Posted in Whole 30

Bouncing Around – Post Whole 30

It’s about a month since I finished Whole 30.

I continue to learn a lot about my body, since I decided that my reintroduction process would be lengthy. Roughly, it has looked like this:

5 days of Whole 30 + Dairy: I didn’t have any health troubles with dairy. It didn’t affect my sleep, my arthritis, nor did I have any of those lactose intolerance symptoms people often report.

…then…

5 days of Whole 30 + Grains: My sleep and arthritis seemed to be fine, and I didn’t have any of the gluten intolerance symptoms.

…then…

5 days of Whole 30 + Sugar: BAM! Had one sleepless night and some swelling in my hands. Also discovered that I have very little power to be consume sugar in moderation.

Give me a little…I’ll take more, please. I paid close attention to how I use sugar. My habit has been to use a heaping teaspoon of sugar in my large cup of tea. And not having used sugar in my tea for 40 days, it was striking to me when I scooped up all that sugar on my spoon. It occurred to me that I have no idea how much sugar that is, so I measured it. And it’s easily 2 teaspoons, but nearly a tablespoon. Huh. Learning, learning, always learning.

…then…

5 days of Whole 30 + Nothin’: Just back on the Whole 30 program to reset before I did some more experimentation. In those 15 days of dairy, grains, and sugar, I gained back nearly all the weight I had lost. That was super disheartening, but it was a great lesson. There is no way that I ate thousands and thousands of extra calories that would add up to 7 pounds of gained weight. But, it’s entirely possible probable that those foods caused inflammation and water retention which accounted for most of the weight gain. This was proven when I lost all the weight again during 5 days of pure Whole 30. The only way I lost all that weight was if it was water and inflammation.

 

…then…

5 days of Whole 30 + Sugar 2.0: Tried sugar again (without dairy or grains, so no ice cream or cookies – just hard candies and sugar in my tea and sugar added to the fruit sorbet I made…sigh…and some soda). My sleep was affected, and my hands hurt. It also seemed I had more headaches, but I didn’t really keep notes on that, so I’m not sure.

So, my understanding is that our bodies process carbs (grains) into sugars, also. Therefore, having pinpointed regular sugar as an inflammation trigger, I’m wondering about grains. So, I’m now in the middle of…

5 days of Whole 30 + Grains 2.0: So far, I’ve had some sushi which has rice in it and croutons on my otherwise Whole 30 salad. I think I’ll have a sandwich for dinner with the whole wheat bread I bought. I’m trying hard to only add grains, not sugar…so nearly all cereals are out, and I don’t like oatmeal without some brown sugar in it, so that doesn’t really work. I’m trying to find a nutritional pattern that I can actually enjoy. And I won’t enjoy oatmeal without sugar…at least not now, but my tastes are changing.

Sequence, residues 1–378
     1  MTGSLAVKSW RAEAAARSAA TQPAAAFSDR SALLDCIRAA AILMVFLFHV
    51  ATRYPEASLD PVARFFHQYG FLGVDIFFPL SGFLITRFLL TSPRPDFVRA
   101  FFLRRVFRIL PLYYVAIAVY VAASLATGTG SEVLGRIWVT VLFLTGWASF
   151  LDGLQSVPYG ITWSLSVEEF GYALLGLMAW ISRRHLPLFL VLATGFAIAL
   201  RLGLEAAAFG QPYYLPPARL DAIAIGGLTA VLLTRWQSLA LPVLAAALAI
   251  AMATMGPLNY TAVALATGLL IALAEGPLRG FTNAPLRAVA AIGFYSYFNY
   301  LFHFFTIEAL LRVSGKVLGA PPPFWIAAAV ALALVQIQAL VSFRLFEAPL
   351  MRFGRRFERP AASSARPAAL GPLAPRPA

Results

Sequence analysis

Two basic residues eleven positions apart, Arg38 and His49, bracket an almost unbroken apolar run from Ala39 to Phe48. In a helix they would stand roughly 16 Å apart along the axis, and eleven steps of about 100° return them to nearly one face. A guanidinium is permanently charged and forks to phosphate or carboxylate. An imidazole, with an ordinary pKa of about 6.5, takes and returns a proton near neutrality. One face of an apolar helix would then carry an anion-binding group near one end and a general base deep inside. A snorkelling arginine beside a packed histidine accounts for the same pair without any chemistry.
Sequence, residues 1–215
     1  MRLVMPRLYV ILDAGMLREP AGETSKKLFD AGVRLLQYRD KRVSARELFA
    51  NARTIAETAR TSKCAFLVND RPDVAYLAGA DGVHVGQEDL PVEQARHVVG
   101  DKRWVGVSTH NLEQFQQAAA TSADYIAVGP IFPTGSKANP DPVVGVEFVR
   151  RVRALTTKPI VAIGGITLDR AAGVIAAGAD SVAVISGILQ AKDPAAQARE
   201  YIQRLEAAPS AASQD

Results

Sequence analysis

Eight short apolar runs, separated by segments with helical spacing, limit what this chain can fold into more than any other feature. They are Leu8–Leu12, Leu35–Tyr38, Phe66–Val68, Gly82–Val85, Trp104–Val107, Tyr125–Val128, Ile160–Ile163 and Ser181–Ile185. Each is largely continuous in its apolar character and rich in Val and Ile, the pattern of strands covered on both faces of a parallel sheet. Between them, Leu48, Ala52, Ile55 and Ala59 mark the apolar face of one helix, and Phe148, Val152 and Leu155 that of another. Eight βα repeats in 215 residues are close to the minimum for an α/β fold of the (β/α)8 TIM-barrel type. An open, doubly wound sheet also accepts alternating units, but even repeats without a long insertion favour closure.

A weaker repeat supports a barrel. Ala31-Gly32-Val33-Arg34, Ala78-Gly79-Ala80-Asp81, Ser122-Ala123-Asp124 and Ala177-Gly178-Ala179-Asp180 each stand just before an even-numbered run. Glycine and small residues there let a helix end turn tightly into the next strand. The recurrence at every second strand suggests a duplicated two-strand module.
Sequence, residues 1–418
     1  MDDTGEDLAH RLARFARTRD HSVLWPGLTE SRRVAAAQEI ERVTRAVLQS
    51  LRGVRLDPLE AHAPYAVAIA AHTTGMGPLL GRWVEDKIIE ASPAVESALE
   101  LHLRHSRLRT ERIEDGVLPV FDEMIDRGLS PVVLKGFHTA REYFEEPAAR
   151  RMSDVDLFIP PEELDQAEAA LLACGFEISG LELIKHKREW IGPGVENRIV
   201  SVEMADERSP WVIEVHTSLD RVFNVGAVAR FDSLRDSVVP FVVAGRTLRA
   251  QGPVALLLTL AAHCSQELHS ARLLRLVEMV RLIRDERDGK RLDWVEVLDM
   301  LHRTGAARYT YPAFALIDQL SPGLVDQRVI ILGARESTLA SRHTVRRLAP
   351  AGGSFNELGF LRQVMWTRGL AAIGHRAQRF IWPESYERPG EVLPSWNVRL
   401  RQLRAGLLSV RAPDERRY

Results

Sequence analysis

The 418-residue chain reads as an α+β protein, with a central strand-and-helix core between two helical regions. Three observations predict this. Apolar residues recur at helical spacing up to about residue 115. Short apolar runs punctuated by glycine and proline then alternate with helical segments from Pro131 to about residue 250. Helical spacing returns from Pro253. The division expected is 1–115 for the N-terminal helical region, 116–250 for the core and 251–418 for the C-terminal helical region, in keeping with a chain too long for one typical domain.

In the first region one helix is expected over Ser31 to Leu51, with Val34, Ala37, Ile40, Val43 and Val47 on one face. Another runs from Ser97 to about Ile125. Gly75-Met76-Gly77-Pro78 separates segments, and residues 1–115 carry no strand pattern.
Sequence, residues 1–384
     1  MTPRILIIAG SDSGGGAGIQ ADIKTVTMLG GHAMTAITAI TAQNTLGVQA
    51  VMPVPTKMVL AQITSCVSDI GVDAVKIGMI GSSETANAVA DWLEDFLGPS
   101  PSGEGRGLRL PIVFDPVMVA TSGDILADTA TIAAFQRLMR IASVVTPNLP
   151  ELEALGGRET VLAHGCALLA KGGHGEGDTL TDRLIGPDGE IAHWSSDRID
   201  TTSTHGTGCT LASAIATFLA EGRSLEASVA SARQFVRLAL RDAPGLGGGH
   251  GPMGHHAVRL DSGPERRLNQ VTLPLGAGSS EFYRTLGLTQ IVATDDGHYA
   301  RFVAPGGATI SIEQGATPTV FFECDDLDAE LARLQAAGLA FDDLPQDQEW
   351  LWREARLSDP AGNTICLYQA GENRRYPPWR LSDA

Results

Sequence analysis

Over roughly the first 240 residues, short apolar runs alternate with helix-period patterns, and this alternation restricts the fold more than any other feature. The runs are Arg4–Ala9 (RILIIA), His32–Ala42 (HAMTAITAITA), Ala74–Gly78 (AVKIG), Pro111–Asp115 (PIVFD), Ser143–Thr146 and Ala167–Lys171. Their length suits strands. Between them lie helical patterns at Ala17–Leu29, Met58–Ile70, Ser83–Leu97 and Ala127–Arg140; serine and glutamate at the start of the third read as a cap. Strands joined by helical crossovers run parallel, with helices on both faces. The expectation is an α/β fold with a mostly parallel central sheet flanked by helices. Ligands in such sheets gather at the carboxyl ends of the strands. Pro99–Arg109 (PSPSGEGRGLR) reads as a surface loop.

Posted in Whole 30

Seriously?! Gout?!

I self-diagnosed myself today.

I have gout.

Apparently, gout is a kind of arthritis, but it is gnarly. People who consume too much uric acid or have bodies which don’t process uric acid well – we get gout. We also get kidney stones, which is awesome. I know that because my dad is great at making kidney stones, so it is not a surprise that we are uric acid twinsies. Anyway, gout’s main symptom is deep and sometimes out-of-nowhere pain. Its usual home is in the joint where the big toe meets the foot, but it is generous with its pain and allows it to radiate throughout the foot – and even up the legs.

I have not seen a doctor about this because my old doctor was a not nice guy, so I requested a new doctor…and she can see me mid-July. (sigh) So, it’s up to Dr. Jennifer to diagnose herself. Today, out-of-nowhere, I was plastered to the sofa, unable to talk or listen because of a shooting pain in my big toe joint. I did not bump it or even bend it prior to the pain.

Knowing what I now know about how food affects my arthritis (and sleep!), I googled “foods to avoid if you have gout” and discovered that sugar, caffeine, fried foods, beef, alcohol, refined carbs, processed food, and a few others are on the “avoid this” list for gout. Well, that’s pretty much Whole 30, now isn’t it?!

I have been adding in dairy (no problem), grains (no problem), and now sugar (uh, problem). I have had sugar in my diet for two days, and I am not good at moderation. I allowed myself a soda, and now there are four empty cans by the sink, headed to the recycle bin! Imagine what my body is doing right now – trying to process all this refined sugar after 40 days without any!

So, it’s back to Whole 30 for me tomorrow. I shopped, chopped, cleaned, cooked, portioned, and prepared my way through this evening, so I can go back to work tomorrow ready for Whole 30 eating again. Egg cups with broccoli, onion, and Whole 30 compliant sausage for the morning, and lots of veggies chopped and ready to eat all day.